generalized epidemics. This “balanced funding” directive replaced the 20 percent earmark for prevention, which included one-third earmarked for abstinence programs, from the original 2003 legislation. Instead of identifying a specific requirement for the distribution of funds for prevention of sexual transmission, programs in countries with generalized epidemics are now required to provide a compelling explanation, justified by the Coordinator, if less than 50 percent of prevention funding is directed toward activities promoting (a) abstinence, (b) delay of sexual debut, (c) monogamy, (d) fidelity, and (e) partner reduction. These programs are to be “implemented and funded in a meaningful and equitable way . . . based on objective epidemiological evidence as to the source of infections and in consultation with the government of each host country involved in HIV/AIDS prevention activities.”28

Second PEPFAR Five-Year Strategy

In December 2009, Ambassador Goosby released a new legislatively required PEPFAR Five-Year Strategy, which included the targets written into the reauthorization legislation, but specified that the treatment target should provide direct support for more than 4 million people (OGAC, 2009a). Unlike the legislation, this Five-Year Strategy extended the timeframe of these performance targets through FY 2014, rather than FY 2013 (OGAC, 2009a). The new strategic plan established the future direction of PEPFAR II and, based on the areas of emphasis in the reauthorization legislation, identified the need to “(1) transition from an emergency response to promotion of sustainable country programs; (2) strengthen partner government capacity to lead the response to this epidemic and other health needs; (3) expand prevention, care, and treatment in concentrated and generalized epidemics; (4) integrate and coordinate HIV/AIDS programs with broader global health and development programs to maximize impact on health systems; [and] (5) invest in innovation and operations research to evaluate impact, improve service delivery, and maximize outcomes” (OGAC, 2009a, p. 14).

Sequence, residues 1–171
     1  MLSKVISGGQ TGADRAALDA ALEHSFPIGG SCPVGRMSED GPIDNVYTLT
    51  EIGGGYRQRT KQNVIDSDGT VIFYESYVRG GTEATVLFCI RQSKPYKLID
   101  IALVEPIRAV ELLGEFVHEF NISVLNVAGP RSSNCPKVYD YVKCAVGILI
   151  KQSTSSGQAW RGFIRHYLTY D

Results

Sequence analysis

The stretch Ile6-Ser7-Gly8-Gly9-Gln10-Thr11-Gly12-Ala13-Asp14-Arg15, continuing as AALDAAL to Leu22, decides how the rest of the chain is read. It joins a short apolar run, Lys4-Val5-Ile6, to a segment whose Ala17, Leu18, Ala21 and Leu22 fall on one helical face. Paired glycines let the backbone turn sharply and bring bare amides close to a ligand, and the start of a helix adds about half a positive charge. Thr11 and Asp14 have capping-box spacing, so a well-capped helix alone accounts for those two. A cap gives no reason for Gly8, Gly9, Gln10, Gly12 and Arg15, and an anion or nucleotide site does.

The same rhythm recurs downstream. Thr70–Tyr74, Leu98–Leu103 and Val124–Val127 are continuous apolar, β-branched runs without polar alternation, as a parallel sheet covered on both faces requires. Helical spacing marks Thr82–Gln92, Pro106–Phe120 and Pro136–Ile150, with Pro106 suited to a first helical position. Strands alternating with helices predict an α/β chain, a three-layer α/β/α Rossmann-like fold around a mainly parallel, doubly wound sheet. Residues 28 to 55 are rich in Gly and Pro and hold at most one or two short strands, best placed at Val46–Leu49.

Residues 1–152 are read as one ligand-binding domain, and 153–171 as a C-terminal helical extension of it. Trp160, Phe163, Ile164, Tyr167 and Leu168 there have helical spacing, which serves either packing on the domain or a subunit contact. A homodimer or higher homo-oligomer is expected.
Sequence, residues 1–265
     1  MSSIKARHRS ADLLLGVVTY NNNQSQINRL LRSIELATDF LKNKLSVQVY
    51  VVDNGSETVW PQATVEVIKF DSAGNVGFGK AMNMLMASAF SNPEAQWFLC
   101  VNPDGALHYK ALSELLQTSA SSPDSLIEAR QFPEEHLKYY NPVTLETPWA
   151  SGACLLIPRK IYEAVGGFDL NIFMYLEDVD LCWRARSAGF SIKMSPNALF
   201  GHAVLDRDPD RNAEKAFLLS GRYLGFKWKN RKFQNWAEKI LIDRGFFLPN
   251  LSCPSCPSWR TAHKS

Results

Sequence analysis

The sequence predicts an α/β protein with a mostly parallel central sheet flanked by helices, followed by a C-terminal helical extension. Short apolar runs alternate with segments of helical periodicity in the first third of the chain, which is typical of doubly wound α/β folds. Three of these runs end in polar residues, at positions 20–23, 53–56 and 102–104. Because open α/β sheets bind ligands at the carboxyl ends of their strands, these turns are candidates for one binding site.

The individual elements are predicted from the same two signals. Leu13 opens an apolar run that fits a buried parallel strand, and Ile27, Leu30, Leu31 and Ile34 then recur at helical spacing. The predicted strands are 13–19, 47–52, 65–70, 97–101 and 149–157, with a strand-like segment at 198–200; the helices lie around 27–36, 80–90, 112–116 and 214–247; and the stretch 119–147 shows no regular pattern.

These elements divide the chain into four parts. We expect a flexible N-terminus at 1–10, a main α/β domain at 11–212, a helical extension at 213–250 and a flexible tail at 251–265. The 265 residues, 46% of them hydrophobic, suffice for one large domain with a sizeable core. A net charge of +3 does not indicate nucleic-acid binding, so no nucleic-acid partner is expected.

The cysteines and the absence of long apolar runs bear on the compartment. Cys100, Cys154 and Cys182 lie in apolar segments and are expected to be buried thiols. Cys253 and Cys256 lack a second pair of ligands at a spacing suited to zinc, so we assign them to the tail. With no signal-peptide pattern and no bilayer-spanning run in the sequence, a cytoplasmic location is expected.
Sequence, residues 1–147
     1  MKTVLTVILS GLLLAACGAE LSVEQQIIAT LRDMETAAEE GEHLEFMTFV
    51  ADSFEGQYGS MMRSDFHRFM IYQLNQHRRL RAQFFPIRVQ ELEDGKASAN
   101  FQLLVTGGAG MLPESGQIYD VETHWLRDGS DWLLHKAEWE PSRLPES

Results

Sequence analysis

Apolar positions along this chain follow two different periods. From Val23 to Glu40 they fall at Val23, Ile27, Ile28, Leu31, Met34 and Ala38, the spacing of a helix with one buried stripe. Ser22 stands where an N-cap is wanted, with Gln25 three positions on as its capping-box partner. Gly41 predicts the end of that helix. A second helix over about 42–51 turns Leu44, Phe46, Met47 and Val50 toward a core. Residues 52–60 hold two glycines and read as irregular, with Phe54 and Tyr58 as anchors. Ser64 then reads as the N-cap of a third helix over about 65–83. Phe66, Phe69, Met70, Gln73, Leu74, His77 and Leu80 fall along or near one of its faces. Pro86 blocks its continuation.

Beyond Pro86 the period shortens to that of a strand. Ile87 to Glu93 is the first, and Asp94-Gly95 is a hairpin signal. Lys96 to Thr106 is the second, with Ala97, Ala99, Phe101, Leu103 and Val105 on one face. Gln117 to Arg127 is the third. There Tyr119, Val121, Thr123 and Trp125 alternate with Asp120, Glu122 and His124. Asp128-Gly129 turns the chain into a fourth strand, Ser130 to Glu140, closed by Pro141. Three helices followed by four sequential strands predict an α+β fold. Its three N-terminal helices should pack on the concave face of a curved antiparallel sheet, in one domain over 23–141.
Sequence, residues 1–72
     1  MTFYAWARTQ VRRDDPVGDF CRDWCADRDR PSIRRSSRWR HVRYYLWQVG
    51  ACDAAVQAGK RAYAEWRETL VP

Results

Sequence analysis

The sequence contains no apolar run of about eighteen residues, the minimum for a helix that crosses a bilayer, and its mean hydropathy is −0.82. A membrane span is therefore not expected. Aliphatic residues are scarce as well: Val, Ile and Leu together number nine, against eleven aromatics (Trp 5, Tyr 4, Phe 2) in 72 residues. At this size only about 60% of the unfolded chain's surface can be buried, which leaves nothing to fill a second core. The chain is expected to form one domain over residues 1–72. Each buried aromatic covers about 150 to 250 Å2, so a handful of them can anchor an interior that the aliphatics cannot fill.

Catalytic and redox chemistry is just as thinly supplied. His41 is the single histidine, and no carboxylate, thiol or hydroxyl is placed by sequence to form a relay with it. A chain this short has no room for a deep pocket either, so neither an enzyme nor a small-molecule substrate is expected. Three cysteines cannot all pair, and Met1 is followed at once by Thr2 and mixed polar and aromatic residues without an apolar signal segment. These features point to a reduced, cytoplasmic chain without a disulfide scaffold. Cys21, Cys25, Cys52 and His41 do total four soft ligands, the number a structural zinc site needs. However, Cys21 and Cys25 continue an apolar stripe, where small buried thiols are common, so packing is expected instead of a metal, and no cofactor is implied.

The evolution of PEPFAR’s goals, budgetary allocations, and targets over time is summarized in Table 1-2.

Changes in PEPFAR Since the Lantos-Hyde Act and the Second Five-Year Strategy

Since the reauthorization of PEPFAR, as the implementation of the second Five-Year Strategy has progressed, some additional key developments


28Supra, note 1 at img403(1), 22 U.S.C. 7673(a).

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